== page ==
This story will be updated as results come in throughout Tuesday night and Wednesday. Be sure to check back later for more information and interviews with candidates.
People across Huntington County are went to the polls today to vote in this year's primary election.
Wabash margin gives Sweet win over Leonard
With all precincts reporting in Huntington and Wabash Counties, Lorissa Sweet leads Dan Leonard 3,892 to 3,019.
Given that significant margin, it is highly unlikely that the outstanding results from townships in Miami or Wells counties will change the outcome.
While Leonard won 53% of votes in Huntington County, Sweet earned more than 70% of votes in Wabash County.
Mickley defeats Boone in narrow County Council race
With 100% of precincts reporting, incumbent county councilman Kendall Mickley held a six-vote lead over County Assessor Terri Boone. Mickley leads Boone 516-510.
Boone conceded the result and told the Herald-Press she does not plan to request a recount. Under Indiana law, there is no automatic threshold under which a recount is automatically triggered.
Burnworth odd one out for township board seat
Tim Guy, Tamera Kline and Mike Perkins were elected to the three open seats on the Huntington Township Board, leaving Patty Burnworth (1099 votes) as the one candidate to not qualify.
With no Democratic candidates running in the primary, Perkins (1358), Kline (1176) and Guy (1162) are the presumptive winners in the general election as well.
Voters turn out in Huntington, Wabash Counties
A lack of many contested races and dreary spring weather didn't keep primary election voters away from the polls Tuesday.
One of the more high-profile races – between incumbent Rep. Dan Leonard (R-Huntington) and Wabash County Councilmember Lorissa Sweet – involved voters from both Huntington County and neighboring Wabash County.
Leonard himself was still on the campaign trail outside the Huntington County Courthouse with less than an hour before polls closed yesterday. He was accompanied by a few supporters, including Jodie Posillipo, who said she had been out all day talking to voters.
"Dan is definitely a conservative Republican," Posillipo said. "He's for small government. He's supported by Right to Life, second amendment – that's all important to me. I think we need to get back to our roots and more of why we are a country, which is our constitution."
A Sweet supporter also was in the same area talking with voters, although she declined to comment.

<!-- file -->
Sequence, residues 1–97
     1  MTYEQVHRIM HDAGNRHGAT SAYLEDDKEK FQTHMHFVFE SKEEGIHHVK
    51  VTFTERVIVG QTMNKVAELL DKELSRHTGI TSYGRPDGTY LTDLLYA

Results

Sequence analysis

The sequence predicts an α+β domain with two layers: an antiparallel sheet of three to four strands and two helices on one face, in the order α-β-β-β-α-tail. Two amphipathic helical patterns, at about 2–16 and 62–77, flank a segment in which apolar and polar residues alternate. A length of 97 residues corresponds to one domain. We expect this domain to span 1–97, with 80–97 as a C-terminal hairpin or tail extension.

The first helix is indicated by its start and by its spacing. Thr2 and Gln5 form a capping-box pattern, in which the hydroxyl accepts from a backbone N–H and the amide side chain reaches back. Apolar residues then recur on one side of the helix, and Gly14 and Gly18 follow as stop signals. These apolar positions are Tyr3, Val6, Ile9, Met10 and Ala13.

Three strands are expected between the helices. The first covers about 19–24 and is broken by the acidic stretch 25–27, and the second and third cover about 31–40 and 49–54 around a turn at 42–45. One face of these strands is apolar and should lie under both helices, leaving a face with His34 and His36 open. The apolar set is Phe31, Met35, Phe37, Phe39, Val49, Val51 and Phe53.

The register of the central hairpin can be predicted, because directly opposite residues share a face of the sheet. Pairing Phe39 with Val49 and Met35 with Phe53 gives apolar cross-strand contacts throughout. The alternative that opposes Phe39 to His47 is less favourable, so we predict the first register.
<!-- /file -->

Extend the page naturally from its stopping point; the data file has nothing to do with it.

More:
Yvette Runkle, Huntington County's Voter Registration Deputy Clerk, said it had been "slow" at the courthouse and that the county had seen roughly 17% turnout as of 5 p.m. yesterday.
At one Wabash County vote center, Zion Lutheran Church, poll worker Kayla Vandiepenbos said they day about 80 voters turn out to that location on Monday and had about 295 as of 1:30 p.m. Tuesday.
“Voting is going really well today. Everything's working great,” said Vandiepenbos. “I've never done this before, but from what I'm hearing it's going very well. We have quite a few voters yesterday.”
As voters made their way down the church's driveway to park outside there were competing signs on either side of the road for candidates in the 50th district race.
The man holding the Leonard sign on one sign of the road declined a Plain Dealer request for comment.
However, the couple seated across the road holding signs supporting Sweet, Loren and Bernadette Hays, were quick to express their support, for obvious reasons.
“She's our daughter,” said Bernadette Hays, laughing. “As far as we know it's going good.”
Loren Hays said the voting had been “fairly steady” all day.
“We've never voted here before, so we don't have anything to compare it with, but there seems to be a fairly decent flow,” said Loren Hays.
Bernadette Hays said she had been campaigning at a voting location in Converse from 6 to 11 a.m. Tuesday.
“For fairly small precinct to vote it was pretty steady,” said Bernadette Hays.
When asked if there had been any arguments with the Leonard supporter across the road, Bernadette Hays just laughed.
“Oh no,” she said. “We're not throwing anything.”